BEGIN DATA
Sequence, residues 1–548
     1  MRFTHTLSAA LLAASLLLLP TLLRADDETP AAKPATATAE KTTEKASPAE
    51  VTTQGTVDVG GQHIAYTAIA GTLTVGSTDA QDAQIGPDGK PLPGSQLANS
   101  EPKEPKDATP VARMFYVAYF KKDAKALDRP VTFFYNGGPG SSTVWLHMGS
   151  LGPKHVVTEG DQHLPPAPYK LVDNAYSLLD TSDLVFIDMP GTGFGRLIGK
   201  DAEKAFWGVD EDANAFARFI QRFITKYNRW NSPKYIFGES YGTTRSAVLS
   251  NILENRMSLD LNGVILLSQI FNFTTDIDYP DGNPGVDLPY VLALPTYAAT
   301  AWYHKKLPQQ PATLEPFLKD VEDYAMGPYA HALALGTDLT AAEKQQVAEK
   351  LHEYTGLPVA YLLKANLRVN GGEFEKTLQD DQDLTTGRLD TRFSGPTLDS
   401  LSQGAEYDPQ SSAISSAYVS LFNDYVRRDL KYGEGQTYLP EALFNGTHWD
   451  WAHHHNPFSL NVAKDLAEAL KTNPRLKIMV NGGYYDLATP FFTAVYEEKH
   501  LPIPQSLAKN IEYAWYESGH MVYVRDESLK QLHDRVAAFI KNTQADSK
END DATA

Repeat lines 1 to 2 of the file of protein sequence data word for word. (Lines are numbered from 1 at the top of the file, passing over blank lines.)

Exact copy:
Sequence, residues 1–548
     1  MRFTHTLSAA LLAASLLLLP TLLRADDETP AAKPATATAE KTTEKASPAE